Putting Together Your Down Payment
Many borrowers can easily qualify for a loan, but they don't have a large sum of cash to pay a down payment. Here are a few tips:
Tighten your belt and save. Look for ways to trim your monthly expenditures to set aside money for a down payment. You could also decide to enroll in an automatic savings plan to automatically have a specific amount from your paycheck moved into a savings account. Some practical approaches to put together funds include moving into housing that is less expensive, and skipping a year's vacation.
Work more and sell items you do not need. Maybe you can get an additional job to get your down payment money. You can also get creative about the things you can sell. Multiple small items can add up to a fair amount at a garage or tag sale. Also, you might want to look into selling any investments you own.
Borrow money from a retirement plan. Check the parameters of your particular plan. Some homebuyers get down payment money from withdrawing what they need from IRAs or borrowing from 401(k) programs. Be sure you understand the tax consequences, your obligation for repayment, and early withdrawal penalties.
Request a generous gift from family. Many buyers are sometimes lucky enough to get down payment help from caring parents and other family members who may be prepared to help them get into their first home. Your family members may be willing to help you reach the goal of owning your own home.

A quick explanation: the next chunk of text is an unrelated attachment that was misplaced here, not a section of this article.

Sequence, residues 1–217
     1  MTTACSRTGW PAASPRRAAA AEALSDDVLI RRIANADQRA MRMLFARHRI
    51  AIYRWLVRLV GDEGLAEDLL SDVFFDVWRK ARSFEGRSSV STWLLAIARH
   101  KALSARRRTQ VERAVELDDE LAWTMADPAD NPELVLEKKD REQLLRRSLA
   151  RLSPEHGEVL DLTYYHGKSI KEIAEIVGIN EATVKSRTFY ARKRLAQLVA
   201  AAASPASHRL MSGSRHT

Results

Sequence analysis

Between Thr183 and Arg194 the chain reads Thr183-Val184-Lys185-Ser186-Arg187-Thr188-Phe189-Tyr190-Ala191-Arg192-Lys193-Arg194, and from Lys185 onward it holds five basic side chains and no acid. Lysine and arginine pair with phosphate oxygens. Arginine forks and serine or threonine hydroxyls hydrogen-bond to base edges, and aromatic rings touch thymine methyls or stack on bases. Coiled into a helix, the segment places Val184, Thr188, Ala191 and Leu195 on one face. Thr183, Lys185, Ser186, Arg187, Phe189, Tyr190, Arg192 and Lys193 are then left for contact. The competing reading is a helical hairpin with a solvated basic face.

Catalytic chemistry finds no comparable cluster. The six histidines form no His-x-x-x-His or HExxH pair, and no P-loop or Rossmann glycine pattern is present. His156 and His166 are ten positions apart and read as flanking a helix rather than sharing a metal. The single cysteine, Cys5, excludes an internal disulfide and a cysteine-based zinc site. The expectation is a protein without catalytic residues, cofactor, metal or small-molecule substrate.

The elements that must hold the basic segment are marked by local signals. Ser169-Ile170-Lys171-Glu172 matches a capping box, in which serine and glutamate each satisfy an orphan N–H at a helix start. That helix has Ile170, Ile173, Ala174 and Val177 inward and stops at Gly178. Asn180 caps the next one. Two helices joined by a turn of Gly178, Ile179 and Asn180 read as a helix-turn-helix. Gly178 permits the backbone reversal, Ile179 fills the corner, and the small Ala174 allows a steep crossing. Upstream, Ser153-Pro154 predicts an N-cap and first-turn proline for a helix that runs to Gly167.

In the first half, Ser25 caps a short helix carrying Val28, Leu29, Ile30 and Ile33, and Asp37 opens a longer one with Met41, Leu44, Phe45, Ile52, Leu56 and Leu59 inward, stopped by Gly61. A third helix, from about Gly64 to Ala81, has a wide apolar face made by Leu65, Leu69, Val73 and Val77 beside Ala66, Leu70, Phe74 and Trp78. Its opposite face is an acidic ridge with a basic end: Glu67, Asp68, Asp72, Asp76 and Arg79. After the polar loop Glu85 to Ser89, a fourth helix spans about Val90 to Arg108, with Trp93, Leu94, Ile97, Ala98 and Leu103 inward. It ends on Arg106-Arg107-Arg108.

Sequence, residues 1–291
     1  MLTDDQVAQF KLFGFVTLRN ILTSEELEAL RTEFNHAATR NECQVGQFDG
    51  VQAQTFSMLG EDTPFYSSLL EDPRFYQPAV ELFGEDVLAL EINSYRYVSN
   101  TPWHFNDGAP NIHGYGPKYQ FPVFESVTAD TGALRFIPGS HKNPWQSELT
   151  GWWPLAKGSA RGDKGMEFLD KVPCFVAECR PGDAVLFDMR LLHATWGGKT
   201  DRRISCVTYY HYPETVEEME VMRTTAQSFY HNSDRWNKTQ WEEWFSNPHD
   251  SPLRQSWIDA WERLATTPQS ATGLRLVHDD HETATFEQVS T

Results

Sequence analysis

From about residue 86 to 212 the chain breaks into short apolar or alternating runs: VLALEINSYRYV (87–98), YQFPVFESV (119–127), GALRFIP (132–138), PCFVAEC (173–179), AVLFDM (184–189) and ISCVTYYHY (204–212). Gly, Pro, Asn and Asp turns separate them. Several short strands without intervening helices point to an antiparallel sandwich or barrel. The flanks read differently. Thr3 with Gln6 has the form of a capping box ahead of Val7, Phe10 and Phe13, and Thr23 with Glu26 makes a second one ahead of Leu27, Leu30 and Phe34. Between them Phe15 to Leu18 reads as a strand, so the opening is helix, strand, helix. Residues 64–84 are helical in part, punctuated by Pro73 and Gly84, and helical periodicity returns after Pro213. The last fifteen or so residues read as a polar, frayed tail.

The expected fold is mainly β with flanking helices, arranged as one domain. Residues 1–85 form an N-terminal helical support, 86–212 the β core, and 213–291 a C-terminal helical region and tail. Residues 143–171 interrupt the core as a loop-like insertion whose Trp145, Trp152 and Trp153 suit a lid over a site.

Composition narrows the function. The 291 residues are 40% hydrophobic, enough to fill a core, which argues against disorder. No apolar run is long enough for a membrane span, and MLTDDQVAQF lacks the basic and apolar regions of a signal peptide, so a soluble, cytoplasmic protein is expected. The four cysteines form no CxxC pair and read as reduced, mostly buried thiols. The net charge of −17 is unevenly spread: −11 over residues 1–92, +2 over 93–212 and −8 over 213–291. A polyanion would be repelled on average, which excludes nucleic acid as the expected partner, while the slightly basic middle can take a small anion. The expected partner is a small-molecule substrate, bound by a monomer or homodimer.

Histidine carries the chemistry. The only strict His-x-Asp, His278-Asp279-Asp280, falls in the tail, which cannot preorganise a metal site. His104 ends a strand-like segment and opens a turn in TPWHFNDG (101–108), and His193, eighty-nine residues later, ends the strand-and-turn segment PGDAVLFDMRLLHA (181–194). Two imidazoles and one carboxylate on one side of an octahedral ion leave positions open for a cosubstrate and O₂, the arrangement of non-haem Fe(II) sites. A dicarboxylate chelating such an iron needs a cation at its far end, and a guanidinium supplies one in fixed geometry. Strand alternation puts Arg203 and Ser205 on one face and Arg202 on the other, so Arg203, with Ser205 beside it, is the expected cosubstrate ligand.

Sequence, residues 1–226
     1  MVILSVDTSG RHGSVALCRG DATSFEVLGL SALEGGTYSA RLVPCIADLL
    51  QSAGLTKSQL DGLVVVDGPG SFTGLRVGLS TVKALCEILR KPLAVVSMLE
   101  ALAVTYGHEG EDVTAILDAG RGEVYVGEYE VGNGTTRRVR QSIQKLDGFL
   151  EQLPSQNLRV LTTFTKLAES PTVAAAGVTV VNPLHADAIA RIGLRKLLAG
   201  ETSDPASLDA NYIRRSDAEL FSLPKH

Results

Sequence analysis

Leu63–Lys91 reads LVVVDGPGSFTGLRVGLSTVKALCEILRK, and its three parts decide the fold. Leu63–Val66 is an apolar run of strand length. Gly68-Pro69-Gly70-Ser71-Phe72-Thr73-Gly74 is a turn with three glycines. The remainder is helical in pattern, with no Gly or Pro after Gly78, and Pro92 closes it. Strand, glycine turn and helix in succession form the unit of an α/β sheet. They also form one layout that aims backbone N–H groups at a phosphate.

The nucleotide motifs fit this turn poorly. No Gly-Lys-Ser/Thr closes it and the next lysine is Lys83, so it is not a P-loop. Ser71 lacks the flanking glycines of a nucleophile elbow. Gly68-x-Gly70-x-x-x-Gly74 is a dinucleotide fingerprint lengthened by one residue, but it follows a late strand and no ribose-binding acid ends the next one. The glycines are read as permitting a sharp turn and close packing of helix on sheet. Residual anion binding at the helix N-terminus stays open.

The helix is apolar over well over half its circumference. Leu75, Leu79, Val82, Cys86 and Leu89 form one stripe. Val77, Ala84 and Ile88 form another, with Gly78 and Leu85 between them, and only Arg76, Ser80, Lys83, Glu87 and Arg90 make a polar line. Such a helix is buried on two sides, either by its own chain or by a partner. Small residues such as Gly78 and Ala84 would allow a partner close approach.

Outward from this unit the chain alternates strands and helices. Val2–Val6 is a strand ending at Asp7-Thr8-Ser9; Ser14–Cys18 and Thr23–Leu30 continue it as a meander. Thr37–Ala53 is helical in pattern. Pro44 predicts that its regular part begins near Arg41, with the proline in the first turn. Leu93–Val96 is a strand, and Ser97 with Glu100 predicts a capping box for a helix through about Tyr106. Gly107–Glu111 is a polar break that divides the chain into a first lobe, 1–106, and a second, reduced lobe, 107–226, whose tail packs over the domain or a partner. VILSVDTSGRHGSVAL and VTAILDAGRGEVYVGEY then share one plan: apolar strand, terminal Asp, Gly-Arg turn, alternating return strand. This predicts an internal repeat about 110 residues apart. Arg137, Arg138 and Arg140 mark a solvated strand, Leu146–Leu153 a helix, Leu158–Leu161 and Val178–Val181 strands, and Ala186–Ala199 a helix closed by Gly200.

Learn about housing finance agencies. These agencies provide provisional mortgage loans for low and moderate-income buyers, buyers interested in remodeling a home within a particular part of the city, and additional groups as defined by the agency. With the help of a housing finance agency, you may get a below market interest rate, down payment assistance and other perks. These kinds of agencies may help you with a reduced rate of interest, help with your down payment, and offer other benefits. These non-profit agencies were established to build up home ownership in certain places.
Research no-down and low-down mortgages.
- FHA mortgages
The Federal Housing Administration (FHA), which is inside the U.S. Department of Housing and Urban Development (HUD), plays a critical part in helping low and moderate-income buyers get mortgage loans. Part of the U.S. Department of Housing and Urban Development(HUD), FHA (Federal Housing Administration) assists homebuyers who wish to qualify for mortgage loans.
FHA offers mortgage insurance to private lenders, enabling new homebuyers who will not be eligible for a conventional loan, to obtain a mortgage.
Interest rates with an FHA mortgage are generally the going interest rate, but the down payment amounts with an FHA loan are less than those of conventional loans. The required down payment can go as low as three percent while the closing costs could be financed in the mortgage loan.
- VA loans
With a guarantee from the Department of Veterans Affairs, a VA loan is offered to veterens and service people. This particular loan does not require a down payment, has limited closing costs, and offers a competitive rate of interest. Even though the VA doesn't actually issue the mortgages, it does issue a certificate of eligibility to apply for a VA loan.
- Piggy-back loans
A piggy-back loan is a second mortgage that you close along with the first. Usually the piggyback loan is for 10 percent of the home's amount, and the first mortgage covers 80 percent. Instead of the traditional 20 percent down payment, the buyer just has to cover the remaining 10 percent.
- Carry-Back loans
We a seller carries back a second mortgage, the seller loans you part of his or her home equity. In this scenario, you would borrow the majority of the purchase price from a traditional lender and borrow the remainder from the seller. Usually you will pay a slightly higher interest rate on the loan financed by the seller.
No matter how you gather your down payment, the satisfaction of owning your own home will be just as sweet!
Need to talk about down payment options? Give us a call at (434) 975-5626.